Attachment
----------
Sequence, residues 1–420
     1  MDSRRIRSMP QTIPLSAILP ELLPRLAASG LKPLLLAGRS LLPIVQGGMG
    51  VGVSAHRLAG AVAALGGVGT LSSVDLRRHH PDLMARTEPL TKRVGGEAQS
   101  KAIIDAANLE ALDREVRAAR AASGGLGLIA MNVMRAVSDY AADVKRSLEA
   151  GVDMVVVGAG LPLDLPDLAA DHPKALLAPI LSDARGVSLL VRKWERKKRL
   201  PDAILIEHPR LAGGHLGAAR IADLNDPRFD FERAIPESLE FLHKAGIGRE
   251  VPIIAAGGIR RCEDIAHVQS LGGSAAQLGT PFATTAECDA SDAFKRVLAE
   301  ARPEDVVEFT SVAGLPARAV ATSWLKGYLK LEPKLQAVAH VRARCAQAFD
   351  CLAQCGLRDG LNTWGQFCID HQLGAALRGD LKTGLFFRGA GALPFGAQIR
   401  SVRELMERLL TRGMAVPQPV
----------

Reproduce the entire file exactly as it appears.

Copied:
Sequence, residues 1–420
     1  MDSRRIRSMP QTIPLSAILP ELLPRLAASG LKPLLLAGRS LLPIVQGGMG
    51  VGVSAHRLAG AVAALGGVGT LSSVDLRRHH PDLMARTEPL TKRVGGEAQS
   101  KAIIDAANLE ALDREVRAAR AASGGLGLIA MNVMRAVSDY AADVKRSLEA
   151  GVDMVVVGAG LPLDLPDLAA DHPKALLAPI LSDARGVSLL VRKWERKKRL
   201  PDAILIEHPR LAGGHLGAAR IADLNDPRFD FERAIPESLE FLHKAGIGRE
   251  VPIIAAGGIR RCEDIAHVQS LGGSAAQLGT PFATTAECDA SDAFKRVLAE
   301  ARPEDVVEFT SVAGLPARAV ATSWLKGYLK LEPKLQAVAH VRARCAQAFD
   351  CLAQCGLRDG LNTWGQFCID HQLGAALRGD LKTGLFFRGA GALPFGAQIR
   401  SVRELMERLL TRGMAVPQPV